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Diabetes, hyperglycemia, depression, poor balance, etc associated with less than 20 ng of vitamin D in seniors – Feb 2014

Associations Between Serum 25-Hydroxyvitamin D Concentrations and Multiple Health Conditions, Physical Performance Measures, Disability, and All-Cause Mortality: The Concord Health and Ageing in Men Project

Vasant Hirani PhD1,2,*, Robert G. Cumming PhD1,2, Vasi Naganathan PhD1, Fiona Blyth PhD1, David G. Le Couteur PhD1,3, David J. Handelsman PhD4,5, Louise M. Waite PhD1, Markus J. Seibel PhD6,7
Journal of the American Geriatrics Society, Article first published online: 27 FEB 2014, DOI: 10.1111/jgs.12693
1Centre for Education and Research on Ageing, Concord Hospital, University of Sydney, Sydney, New South Wales, Australia
2School of Public Health, University of Sydney, Sydney, New South Wales, Australia
3Charles Perkins Centre, University of Sydney, Sydney, New South Wales, Australia
4Department of Andrology, Concord Hospital, University of Sydney, Sydney, New South Wales, Australia
5ANZAC Research Institute, University of Sydney, Sydney, New South Wales, Australia
6Department of Endocrinology and Metabolism, Concord Hospital, University of Sydney, Sydney, New South Wales, Australia
7Bone Research Program, University of Sydney, Sydney, New South Wales, Australia
*Address correspondence to Dr. Vasant Hirani, Centre for Education and Research on Ageing, Concord Hospital, Hospital Road, Concord, NSW 2139, Australia. vasant.hirani at sydney.edu.au

Objectives
To explore associations between serum 25-hydroxyvitamin D (25(OH)D) levels and a wide range of health conditions, physical performance measures, disability, and mortality in a large epidemiological study to identify an optimum range for 25(OH)D concentrations.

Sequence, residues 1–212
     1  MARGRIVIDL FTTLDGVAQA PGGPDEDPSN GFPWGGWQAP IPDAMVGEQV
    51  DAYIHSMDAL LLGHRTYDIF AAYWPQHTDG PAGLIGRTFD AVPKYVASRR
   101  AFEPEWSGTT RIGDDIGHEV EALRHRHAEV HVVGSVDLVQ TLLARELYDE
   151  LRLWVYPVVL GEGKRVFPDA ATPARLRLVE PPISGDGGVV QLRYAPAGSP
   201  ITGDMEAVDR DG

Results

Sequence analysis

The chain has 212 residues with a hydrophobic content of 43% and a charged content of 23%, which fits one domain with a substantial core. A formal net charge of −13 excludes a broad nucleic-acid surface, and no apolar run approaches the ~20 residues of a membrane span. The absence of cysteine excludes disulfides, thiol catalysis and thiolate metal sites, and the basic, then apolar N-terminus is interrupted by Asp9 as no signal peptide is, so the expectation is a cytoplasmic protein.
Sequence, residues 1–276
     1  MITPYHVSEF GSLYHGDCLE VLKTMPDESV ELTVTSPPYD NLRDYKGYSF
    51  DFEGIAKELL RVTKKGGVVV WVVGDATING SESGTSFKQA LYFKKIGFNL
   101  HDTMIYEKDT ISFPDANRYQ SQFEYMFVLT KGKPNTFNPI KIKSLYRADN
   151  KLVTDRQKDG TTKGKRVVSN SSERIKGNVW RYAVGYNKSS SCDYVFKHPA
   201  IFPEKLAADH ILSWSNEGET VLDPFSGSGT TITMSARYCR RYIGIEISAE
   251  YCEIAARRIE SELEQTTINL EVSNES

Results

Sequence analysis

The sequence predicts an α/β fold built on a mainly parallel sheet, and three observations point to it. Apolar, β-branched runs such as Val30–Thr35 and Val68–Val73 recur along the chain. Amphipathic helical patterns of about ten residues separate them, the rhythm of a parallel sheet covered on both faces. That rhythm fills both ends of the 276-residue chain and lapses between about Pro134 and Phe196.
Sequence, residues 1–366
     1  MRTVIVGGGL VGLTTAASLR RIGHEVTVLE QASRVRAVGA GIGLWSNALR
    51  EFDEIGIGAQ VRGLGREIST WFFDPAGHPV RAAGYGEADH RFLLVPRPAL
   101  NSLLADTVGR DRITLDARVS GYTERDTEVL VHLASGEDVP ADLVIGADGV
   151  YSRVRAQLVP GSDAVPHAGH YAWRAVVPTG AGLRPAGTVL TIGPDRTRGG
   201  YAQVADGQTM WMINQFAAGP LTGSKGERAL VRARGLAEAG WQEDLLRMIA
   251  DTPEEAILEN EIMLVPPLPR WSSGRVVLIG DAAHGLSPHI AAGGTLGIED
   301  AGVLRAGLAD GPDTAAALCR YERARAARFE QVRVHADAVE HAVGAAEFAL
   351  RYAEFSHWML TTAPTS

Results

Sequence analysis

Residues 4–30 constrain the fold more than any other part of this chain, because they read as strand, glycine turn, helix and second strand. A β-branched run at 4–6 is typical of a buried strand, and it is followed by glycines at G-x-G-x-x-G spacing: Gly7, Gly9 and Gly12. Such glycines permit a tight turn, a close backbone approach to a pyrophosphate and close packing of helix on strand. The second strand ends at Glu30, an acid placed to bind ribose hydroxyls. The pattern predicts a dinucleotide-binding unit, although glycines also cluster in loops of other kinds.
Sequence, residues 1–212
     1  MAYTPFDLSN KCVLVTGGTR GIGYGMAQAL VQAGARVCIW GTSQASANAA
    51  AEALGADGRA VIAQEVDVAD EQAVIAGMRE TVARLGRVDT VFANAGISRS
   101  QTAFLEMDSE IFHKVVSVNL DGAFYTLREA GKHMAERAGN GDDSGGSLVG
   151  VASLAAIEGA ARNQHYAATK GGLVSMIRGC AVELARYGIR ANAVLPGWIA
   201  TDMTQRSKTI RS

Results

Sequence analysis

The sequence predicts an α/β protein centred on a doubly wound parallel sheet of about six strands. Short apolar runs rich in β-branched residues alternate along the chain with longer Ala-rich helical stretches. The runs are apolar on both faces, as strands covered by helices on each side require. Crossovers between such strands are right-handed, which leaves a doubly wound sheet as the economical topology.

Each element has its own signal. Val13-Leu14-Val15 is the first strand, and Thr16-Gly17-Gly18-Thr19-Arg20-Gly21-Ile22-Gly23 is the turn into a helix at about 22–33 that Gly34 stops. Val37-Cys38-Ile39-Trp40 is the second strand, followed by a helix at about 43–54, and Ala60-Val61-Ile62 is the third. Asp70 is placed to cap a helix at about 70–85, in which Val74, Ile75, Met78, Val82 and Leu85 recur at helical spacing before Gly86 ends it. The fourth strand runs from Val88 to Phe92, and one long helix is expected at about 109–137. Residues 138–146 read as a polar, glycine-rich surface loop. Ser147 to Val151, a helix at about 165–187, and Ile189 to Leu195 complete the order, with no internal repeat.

Design
Cross-sectional study, with additional prospective data on falls and mortality.

Setting
Concord Health and Ageing in Men Project, Sydney, Australia.

Participants
Community-dwelling men aged 70 and older (N = 1,659).

Measurements
Serum 25(OH)D levels, general health status, self-reported diseases, physical performance measures, disability (activities of daily living and instrumental activities of daily living) and falls.

Results

  • Fair, poor, and very poor health;
  • self-reported diabetes mellitus;
  • hyperglycemia;
  • depression;
  • muscle weakness;
  • poor balance; and
  • all-cause mortality

were all associated with serum 25(OH)D levels less than 50 nmol/L, even after adjustment for confounding. The findings also suggest that, in older men, for a wide range of health conditions, physical performance measures, disability, falls, and mortality, the optimum range of 25(OH)D is between 50.0 and 74.9 nmol/L, with no additional benefit for 25(OH)D levels of 75.0 nmol/L or greater.

Conclusion
Programs aimed at achieving an optimum range of serum 25(OH)D at levels between 50.0 and 74.9 nmol/L may have overall health benefits and such levels are adequate for older men.


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See also VitaminDWiki

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